Not all of your accounts will be included in your bankruptcy. Student loans are generally not dis chargeable. Any accounts that are still active will affect your score, so be sure to pay off existing loans on time. Don’t ignore accounts that aren’t on your credit report, either. These could eventually be reported, especially if you fall behind on your payments. Your goal is to show your creditors that your financial problems are behind you and slowly build your credit score over time.
Choose credit repair wisely
You will see many advertisements for credit repair companies that say they can remove chapter 7 from your credit report. Beware of any company that guarantees chapter 7 removal. If your chapter 7 report is correct there is nothing these companies can legally do for you that you cannot do for yourself.
Consider a co-signer
Having a family member or friend sign with you can help you qualify for better cards or loans and build your credit faster. If you have a willing co-signer, you should keep track of unexpected payment In the future, and not just for your own benefit. If you miss or are late on a single payment, this information will be provided to your co-signer’s credit report and to your own credit report.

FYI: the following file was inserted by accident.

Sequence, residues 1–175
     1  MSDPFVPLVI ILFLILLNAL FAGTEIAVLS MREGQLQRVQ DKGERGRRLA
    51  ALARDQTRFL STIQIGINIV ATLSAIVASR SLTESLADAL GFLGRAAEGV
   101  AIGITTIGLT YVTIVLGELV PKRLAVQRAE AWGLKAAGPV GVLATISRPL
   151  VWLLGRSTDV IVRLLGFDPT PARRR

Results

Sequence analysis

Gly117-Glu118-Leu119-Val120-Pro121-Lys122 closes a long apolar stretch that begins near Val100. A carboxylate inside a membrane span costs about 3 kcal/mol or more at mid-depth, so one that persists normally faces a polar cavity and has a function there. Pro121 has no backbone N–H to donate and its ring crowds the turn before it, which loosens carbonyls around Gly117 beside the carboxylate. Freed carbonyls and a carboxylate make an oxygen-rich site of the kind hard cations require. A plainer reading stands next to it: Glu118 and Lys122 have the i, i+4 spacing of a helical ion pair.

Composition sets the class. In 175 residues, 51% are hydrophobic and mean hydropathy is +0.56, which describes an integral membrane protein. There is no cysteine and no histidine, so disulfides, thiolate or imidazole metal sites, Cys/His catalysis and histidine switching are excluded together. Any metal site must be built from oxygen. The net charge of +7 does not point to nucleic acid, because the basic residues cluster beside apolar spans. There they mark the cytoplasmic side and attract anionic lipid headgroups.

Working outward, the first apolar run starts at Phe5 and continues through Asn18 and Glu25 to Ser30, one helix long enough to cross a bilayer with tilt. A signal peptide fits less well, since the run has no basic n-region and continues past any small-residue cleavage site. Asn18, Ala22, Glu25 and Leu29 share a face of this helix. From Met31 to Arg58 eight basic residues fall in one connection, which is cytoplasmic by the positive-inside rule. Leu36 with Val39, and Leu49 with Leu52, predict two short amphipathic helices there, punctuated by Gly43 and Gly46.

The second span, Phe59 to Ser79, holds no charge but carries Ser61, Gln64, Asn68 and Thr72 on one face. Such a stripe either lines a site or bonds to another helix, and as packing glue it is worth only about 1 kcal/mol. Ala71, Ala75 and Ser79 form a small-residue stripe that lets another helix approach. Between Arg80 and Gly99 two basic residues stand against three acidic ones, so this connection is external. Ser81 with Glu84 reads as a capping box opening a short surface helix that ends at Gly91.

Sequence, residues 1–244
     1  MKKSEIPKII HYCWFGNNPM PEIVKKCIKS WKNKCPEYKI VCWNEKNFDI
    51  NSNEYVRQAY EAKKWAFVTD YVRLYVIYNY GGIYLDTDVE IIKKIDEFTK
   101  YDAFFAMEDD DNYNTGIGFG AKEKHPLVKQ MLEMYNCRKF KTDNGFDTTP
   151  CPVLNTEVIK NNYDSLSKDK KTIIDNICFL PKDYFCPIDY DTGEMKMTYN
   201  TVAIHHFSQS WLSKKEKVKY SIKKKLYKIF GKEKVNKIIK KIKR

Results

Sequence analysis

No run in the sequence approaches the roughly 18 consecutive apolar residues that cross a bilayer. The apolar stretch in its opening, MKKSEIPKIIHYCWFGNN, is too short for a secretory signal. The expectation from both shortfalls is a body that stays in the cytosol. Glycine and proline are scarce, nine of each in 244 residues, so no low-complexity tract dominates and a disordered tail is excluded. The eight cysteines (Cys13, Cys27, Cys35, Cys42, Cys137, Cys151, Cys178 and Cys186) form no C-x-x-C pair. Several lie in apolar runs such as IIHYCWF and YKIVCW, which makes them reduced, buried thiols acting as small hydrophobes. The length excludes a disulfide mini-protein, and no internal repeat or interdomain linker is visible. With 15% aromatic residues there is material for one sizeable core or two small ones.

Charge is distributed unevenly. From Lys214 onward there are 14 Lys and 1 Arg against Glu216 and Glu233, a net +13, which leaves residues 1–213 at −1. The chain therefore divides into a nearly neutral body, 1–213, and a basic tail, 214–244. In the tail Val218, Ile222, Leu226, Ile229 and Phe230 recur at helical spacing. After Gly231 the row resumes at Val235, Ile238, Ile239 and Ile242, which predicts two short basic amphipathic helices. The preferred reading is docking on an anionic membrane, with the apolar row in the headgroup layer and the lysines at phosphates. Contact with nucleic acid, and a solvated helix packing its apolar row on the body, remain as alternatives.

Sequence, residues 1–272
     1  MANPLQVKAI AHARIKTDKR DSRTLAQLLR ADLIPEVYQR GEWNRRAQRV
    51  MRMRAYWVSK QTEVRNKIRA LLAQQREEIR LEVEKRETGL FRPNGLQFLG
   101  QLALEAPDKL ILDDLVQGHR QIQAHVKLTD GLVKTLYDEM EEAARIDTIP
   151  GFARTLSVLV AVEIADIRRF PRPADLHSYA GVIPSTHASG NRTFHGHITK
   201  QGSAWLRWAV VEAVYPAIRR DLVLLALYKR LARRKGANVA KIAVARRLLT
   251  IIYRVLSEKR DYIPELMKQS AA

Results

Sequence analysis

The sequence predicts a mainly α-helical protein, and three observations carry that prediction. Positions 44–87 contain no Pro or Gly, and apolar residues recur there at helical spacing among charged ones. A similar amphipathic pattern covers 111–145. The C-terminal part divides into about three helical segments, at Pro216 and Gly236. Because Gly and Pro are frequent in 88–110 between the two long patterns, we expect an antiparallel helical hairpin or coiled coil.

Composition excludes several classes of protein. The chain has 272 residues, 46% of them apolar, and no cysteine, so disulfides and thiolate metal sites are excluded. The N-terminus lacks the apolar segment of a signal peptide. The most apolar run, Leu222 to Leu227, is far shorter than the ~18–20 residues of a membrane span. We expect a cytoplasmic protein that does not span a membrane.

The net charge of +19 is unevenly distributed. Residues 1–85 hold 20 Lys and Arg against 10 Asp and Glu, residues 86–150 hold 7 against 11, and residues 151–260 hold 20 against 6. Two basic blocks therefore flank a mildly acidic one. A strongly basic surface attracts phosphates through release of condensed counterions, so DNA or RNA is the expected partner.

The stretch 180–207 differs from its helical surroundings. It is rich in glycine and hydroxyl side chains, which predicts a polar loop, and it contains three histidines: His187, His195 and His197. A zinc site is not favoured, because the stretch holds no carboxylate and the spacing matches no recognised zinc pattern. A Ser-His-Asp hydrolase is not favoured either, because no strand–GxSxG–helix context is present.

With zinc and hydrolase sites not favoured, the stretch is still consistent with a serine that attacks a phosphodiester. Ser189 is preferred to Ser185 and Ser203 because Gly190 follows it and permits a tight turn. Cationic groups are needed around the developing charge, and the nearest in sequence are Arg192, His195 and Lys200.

Make your new credit card payments on time
The two most important things that help your credit score are on-time and positive payments. When you get a new credit card, whether it’s secured or unsecured, make sure you make your payments on time each month. Better yet, pay off your balance in full to avoid getting into debt trouble again. As long as you’re more than 30 days late on a payment, it can show up on your credit report and stay there for seven years. Add that to the chapter 7 filing that’s already looming, and your solvency case becomes that much harder to make.